Indeed, there is a gem called Paraiba Tourmaline that matches the color of Fena’s eyes that was a major inspiration for Fena’s design.
Still, making original anime is a difficult process, as both of them would admit. The pair were constantly asking for input and getting people to contribute ideas, but beyond that, bringing these ideas together into a cohesive and doable anime production is easier said than done.
‘It was most challenging to come up with a strategy to cope with the project,’ admitted Kuroki. ‘Every time we do an original project we need to ask for a development fee from the company. I remember contemplating with what I should do in order to get that money. When it comes to shoujo manga and original ideas, it can be really difficult to get the funding which was what I was worried about, so I lied to them and told them that the idea was essentially Mad Max at sea. Then they released the funding.’
Sly wording, but it worked! Perhaps other Annecy attendees hoping to find funding for their project should take note of Fena: Pirate Princess!
Production on Fena also differed a lot compared to other original TV anime productions. The largest difference comes through the anime’s voice acting. During pre-production, director Nakazawa produced storyboards for all the episodes himself, and these storyboards became a part of the recording process.
‘While it may be the norm in the US and overseas, in Japan, we use ADR [recording dialogue after the animation has been produced and matching voice lines to the animation] instead of prelays, but I was never a fan of that process,’ explained Nakazawa. ‘What I did was finish the storyboard and turned that into an animatic, and allowed the voice actors to perform freely, after which we would make the animation. The process was actually pretty tough, but it also made me realize how amazingly the actors can perform when they have no restrictions.’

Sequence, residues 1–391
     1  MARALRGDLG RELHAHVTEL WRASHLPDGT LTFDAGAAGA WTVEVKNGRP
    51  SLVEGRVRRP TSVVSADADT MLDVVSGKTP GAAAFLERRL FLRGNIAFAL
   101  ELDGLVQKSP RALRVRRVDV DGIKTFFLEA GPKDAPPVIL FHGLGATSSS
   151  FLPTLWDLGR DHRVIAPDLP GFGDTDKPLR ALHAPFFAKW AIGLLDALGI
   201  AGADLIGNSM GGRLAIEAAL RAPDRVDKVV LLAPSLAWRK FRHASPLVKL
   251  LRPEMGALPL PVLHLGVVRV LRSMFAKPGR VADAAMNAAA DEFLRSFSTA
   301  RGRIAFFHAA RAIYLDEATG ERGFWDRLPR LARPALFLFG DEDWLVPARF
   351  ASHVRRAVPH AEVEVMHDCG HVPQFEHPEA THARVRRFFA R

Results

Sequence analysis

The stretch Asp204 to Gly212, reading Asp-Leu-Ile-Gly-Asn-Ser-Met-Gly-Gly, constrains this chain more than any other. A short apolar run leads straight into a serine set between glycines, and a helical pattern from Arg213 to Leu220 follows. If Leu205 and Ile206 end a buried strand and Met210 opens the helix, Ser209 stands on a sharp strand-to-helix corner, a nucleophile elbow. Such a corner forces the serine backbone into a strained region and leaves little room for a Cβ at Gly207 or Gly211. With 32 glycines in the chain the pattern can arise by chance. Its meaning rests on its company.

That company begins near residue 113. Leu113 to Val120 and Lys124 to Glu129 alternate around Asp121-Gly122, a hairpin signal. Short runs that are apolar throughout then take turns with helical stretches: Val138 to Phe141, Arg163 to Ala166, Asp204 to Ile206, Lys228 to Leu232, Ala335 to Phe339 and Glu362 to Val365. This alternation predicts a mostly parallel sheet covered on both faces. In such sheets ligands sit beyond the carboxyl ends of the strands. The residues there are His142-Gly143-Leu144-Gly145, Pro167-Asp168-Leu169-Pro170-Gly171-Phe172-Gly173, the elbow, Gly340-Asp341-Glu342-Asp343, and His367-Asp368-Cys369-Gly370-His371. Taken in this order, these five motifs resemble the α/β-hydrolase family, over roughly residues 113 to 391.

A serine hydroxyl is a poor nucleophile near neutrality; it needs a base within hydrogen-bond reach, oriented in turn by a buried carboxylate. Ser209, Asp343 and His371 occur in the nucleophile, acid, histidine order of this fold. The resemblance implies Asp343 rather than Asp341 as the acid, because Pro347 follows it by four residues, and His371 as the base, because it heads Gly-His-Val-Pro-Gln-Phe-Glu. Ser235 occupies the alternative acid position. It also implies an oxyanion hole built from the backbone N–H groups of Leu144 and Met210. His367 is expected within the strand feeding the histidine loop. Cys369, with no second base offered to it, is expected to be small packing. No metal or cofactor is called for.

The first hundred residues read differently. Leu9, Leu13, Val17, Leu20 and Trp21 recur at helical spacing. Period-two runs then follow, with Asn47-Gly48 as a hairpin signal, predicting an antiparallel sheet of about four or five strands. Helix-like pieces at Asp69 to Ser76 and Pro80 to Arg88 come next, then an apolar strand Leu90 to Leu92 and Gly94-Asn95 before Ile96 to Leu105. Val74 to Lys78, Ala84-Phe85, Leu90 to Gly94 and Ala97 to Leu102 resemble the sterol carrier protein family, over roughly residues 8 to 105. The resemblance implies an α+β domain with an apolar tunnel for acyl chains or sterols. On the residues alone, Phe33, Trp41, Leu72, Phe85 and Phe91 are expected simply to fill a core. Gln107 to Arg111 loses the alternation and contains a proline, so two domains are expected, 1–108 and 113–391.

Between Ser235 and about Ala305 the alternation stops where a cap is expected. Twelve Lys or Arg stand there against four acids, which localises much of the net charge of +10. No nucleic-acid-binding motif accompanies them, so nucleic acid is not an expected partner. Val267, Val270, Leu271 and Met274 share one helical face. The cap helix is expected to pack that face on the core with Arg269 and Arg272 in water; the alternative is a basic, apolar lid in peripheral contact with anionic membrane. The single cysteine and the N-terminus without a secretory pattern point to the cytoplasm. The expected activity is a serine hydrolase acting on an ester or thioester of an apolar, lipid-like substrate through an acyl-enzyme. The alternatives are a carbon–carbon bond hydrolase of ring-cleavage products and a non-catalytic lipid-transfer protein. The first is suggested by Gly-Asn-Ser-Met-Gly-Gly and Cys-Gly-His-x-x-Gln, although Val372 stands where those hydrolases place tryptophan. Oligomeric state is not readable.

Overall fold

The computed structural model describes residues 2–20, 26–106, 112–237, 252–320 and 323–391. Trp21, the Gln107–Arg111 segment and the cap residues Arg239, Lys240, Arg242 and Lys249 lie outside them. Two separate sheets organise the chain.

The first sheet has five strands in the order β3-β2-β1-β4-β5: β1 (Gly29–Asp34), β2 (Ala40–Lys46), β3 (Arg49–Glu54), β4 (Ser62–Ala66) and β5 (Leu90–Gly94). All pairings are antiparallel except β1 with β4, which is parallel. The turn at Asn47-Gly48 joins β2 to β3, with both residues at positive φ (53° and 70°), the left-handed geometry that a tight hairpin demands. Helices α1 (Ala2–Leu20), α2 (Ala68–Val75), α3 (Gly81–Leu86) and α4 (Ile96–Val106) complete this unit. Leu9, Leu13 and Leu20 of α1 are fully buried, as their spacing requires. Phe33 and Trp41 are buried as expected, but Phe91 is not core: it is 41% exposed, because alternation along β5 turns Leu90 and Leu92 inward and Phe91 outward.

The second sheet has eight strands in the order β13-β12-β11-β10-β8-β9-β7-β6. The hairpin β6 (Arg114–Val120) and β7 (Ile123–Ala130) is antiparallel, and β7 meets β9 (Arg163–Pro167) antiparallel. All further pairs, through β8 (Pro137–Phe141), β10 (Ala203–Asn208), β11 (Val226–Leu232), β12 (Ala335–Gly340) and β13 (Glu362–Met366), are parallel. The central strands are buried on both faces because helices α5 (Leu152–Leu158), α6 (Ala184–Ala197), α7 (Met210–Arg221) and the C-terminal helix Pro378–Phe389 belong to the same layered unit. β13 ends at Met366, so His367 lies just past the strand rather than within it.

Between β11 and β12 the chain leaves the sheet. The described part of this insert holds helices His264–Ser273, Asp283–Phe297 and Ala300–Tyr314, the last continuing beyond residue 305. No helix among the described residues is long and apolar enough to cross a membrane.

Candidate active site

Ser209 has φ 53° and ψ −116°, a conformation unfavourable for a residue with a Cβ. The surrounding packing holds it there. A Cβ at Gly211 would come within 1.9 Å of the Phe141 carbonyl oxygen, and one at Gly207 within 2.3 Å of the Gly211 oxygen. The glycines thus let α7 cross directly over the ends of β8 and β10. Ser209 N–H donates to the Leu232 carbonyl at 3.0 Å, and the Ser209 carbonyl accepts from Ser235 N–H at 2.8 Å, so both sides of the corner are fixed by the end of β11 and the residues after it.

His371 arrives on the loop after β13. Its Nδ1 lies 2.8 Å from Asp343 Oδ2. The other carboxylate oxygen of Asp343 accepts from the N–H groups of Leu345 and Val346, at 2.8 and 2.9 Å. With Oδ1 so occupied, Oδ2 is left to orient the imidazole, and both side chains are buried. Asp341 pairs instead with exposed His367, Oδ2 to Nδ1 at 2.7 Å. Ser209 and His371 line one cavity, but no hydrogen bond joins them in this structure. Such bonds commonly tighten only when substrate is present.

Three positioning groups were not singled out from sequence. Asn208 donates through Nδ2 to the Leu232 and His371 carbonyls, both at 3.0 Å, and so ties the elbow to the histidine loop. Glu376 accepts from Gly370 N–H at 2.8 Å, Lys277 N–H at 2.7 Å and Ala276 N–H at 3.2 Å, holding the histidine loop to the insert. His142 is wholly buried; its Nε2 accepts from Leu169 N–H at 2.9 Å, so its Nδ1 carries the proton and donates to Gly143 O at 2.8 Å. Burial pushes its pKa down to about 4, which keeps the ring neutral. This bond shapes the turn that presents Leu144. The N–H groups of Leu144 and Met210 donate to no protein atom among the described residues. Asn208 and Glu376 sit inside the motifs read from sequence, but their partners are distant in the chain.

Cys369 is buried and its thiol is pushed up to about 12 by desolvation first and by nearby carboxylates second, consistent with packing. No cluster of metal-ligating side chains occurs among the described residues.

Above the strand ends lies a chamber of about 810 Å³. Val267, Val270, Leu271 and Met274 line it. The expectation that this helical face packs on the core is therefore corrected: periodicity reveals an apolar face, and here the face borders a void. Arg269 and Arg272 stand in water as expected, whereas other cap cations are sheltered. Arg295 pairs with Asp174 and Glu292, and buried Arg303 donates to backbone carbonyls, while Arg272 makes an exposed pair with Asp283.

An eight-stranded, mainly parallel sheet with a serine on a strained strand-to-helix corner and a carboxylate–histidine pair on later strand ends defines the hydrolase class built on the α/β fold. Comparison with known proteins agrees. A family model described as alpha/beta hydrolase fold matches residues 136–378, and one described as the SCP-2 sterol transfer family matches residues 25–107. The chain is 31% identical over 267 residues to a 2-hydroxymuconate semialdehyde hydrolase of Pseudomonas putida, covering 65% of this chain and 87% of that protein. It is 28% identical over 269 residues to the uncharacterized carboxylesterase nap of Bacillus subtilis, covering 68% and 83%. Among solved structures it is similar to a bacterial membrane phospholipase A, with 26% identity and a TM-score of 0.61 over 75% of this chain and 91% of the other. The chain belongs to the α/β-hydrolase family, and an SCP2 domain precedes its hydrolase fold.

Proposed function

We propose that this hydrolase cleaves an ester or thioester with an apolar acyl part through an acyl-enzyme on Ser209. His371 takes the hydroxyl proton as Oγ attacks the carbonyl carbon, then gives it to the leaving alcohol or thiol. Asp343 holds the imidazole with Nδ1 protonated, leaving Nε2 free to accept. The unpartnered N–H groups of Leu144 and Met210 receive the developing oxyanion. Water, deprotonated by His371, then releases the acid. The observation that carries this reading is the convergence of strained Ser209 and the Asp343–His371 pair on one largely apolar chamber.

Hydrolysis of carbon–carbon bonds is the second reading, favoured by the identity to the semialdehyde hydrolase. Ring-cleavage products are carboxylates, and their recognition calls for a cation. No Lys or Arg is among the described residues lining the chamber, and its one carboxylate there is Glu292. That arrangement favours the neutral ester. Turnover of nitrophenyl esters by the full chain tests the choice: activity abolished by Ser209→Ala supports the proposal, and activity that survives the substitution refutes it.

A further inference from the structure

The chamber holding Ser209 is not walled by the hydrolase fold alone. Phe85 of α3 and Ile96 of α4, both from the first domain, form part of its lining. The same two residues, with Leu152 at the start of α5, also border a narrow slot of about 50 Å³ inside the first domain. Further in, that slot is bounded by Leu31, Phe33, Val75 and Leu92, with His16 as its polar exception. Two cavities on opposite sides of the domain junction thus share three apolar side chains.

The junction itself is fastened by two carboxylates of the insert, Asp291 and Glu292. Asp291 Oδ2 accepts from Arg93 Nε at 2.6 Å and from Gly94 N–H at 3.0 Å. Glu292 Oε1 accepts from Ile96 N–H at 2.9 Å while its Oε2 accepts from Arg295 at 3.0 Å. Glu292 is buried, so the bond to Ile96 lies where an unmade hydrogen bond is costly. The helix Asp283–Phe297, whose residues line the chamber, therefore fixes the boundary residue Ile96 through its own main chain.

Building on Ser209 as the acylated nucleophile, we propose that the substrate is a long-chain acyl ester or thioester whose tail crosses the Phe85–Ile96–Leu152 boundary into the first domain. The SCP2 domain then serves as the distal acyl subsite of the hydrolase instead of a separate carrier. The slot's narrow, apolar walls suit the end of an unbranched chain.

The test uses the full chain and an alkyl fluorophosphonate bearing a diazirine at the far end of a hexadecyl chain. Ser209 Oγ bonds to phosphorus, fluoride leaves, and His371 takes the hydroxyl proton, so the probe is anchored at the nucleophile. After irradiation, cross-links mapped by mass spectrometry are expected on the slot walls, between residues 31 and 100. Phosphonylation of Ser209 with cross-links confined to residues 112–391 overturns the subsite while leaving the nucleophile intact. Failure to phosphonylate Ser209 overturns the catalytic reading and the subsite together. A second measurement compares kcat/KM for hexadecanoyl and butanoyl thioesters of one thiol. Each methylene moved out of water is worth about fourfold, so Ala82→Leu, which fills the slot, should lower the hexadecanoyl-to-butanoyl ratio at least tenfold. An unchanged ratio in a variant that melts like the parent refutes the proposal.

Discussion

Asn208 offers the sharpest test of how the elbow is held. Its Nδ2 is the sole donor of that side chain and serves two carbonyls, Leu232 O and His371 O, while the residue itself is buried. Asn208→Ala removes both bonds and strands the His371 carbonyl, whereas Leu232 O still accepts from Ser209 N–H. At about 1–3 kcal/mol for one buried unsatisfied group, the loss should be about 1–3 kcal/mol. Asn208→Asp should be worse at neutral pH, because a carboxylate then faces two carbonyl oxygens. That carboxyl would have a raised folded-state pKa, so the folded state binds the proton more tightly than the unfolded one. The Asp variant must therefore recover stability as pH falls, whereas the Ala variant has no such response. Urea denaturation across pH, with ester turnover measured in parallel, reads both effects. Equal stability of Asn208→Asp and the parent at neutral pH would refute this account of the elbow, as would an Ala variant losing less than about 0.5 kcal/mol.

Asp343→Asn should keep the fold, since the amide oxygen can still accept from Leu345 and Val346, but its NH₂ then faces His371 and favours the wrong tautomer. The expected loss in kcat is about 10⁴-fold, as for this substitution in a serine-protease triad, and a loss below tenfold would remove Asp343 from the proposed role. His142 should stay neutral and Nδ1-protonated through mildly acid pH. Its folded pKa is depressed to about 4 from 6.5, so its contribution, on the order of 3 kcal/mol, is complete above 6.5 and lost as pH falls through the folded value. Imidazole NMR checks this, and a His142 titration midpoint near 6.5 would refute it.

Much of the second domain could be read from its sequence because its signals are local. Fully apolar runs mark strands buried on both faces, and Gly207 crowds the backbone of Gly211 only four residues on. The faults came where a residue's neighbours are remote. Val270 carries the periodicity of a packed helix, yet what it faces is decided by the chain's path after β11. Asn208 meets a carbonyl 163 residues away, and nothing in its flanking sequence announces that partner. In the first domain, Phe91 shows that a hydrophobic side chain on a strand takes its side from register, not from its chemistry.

Other than COVID requiring that voice actors perform separately instead of together, the big challenge with this process was matching the animation to the voice recordings. Typically, anime voice acting is played at an active energy and tempo throughout a spoken line, which is relatively easier to animate to. By giving voice actors freedom to perform their lines as they pleased to the ADR, it became more difficult as the performances produced were different. If an actor performed a line with a gradual crescendo to their voice, animators have to draw each frame to match that, a challenge they rose to, but not an easy one.
Most of all, both producer and director wanted to create a show that matched the expectations of the audiences most excited for the show. One thing that can’t be denied is the effort and attention to detail put into the show. Throughout the Annecy work-in-progress preview accredited viewers were treated to a range of storyboards, concept art and more that gave a glimpse into the world of Fena: Pirate Princess. Backgrounds gave a glimpse into worlds inspired by the cities the team had visited, and this was only a glimpse at the series to come.
Fena: Pirate Princess airs on Japanese TV this October and on Adult Swim and Crunchyroll both subbed and dubbed this summer.